CEB consists in an application capable of controling and managing multiple type of transactions based on their
pay type, bill type and pay mode.
CEB comprises different tables that allow the user to file transaction information such as: bank and branches,
areas, account data, etc. Moving through these fields permits to configure different setups to display useful boards or graphics.
The main constructions made with
Every mentioned construction works differently and has advantages and drawbacks depending on the user's goal. For this reason, subsequent sections are focused on how to access and which working explanation and suitable usages the tools have.
Desktops are visual displays that present different channels which, in turn, show interesting data in the form of tables, charts or a combination of both.
The main advantage of having a desktop (or multiple) resides in an easy follow-up with periodic data. For example: daily-profits, weekly-production, etc. The possibility of customizing the information that is shown in the desktop, gives the client a personal overall picture of anything considered to be interesting.
Before visual information reproduction, it is necessary to fill the tables with the corresponding data. To do so, users have access to forms where they can introduce the inputs they are asked for. Furthermore, forms are used for three main tasks: introduction, modification or data deleting.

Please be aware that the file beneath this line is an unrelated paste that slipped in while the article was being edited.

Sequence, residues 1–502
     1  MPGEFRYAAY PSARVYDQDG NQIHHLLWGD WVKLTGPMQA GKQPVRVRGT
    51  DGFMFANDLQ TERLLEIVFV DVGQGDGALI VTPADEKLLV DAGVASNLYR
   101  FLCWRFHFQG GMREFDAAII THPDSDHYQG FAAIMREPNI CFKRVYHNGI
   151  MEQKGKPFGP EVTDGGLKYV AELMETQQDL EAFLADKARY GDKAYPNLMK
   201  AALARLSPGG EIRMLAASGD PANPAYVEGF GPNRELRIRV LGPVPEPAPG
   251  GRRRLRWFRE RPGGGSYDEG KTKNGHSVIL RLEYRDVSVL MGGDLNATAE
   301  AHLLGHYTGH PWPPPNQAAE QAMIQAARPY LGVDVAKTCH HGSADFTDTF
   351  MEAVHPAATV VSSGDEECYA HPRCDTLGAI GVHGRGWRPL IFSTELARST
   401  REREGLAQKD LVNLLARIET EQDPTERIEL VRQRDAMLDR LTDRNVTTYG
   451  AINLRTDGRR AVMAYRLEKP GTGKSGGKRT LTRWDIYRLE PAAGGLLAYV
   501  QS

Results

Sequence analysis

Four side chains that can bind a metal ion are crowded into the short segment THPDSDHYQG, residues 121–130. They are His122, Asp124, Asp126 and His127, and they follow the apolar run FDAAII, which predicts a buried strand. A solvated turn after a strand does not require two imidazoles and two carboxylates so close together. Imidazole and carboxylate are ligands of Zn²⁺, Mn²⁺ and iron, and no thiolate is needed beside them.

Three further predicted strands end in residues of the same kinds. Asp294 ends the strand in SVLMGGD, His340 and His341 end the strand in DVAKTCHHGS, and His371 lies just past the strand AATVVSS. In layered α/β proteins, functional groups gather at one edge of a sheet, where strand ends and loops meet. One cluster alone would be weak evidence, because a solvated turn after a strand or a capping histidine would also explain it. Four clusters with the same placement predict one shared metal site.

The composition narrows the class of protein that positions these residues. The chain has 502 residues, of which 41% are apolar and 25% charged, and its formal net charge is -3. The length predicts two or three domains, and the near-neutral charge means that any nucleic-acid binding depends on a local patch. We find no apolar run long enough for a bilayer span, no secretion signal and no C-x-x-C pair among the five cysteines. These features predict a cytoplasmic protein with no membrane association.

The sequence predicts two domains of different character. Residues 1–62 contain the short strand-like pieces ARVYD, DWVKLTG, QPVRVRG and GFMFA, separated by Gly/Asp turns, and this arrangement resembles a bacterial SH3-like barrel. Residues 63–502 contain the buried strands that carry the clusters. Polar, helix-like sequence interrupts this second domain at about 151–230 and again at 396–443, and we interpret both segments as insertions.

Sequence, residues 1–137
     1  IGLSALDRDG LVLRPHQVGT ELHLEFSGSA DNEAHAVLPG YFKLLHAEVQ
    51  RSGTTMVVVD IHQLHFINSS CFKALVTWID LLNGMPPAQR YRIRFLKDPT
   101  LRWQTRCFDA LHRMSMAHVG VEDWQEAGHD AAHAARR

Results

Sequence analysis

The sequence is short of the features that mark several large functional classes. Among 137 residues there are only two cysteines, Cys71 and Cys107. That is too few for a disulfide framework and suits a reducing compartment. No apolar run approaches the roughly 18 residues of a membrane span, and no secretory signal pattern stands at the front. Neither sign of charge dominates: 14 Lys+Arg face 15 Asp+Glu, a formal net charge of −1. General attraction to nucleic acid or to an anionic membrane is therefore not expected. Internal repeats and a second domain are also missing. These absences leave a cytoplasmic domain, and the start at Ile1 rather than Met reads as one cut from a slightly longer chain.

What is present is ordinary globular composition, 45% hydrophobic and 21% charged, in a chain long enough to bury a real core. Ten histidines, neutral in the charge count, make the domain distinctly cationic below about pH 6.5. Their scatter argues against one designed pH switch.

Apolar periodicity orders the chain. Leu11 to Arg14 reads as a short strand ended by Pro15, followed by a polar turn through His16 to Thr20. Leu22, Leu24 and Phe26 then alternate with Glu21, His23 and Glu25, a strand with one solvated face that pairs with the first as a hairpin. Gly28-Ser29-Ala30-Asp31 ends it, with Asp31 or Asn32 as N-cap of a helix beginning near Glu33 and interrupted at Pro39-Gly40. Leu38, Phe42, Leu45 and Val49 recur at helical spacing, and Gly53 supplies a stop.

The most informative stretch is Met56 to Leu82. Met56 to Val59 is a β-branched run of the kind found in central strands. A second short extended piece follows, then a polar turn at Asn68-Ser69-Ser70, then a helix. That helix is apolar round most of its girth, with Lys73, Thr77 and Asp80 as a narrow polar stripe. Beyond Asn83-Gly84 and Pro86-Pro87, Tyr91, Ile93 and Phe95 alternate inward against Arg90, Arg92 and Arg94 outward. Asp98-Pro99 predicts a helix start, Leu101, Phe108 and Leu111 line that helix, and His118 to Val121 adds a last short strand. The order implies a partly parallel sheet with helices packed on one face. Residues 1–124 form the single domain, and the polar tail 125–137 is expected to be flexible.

Once the inputs have been recorded, the system stores them in tables. That information can be displayed later, in one way or another, as user's choice.
Axional Terminal is a tool that permits the developer to create distinct screens that will act as vertical forms.
This way, users can introduce data fields one by one till the process is completed.
At the same time, some interesting data for the user can be displayed as a list or as an option button.
Axional Terminal is a familty of Java lightweight applications to execute transactional applications
using stateless SOAP connections on
Sometimes, one could want to show some information in a way similar to a report. For those cases, a dashboard is the most useful option; it is formed by different objects that are set to exhibit visual-friendly data.
In some way, dashboards are similar to desktops, but with the addition of variables -instead of inputs- that are supposed to be introduced by the user before the data display. Common variables used are: time period (between two dates) or filter parameter, for example, the bank code.
On-line analytical processing (OLAP) is a powerful tool designed to offer the client a more dynamic data sight than desktop or dashboards.
This device is commonly used in Business Intelligence (BI) systems and it is based on multidimensional structures or cubes. Mentioned cubes, contain summarized data from large databases or transaction processing systems (OLTP). They are widely used in sales and marketing reports, executive reports, and related data analysis.
The crux of OLAP is that it offers different parameters that can be combined as user's election. Therefore, clients are able to try different charts or analyse distinct data very quickly without
the necessity of programming the structure behind them.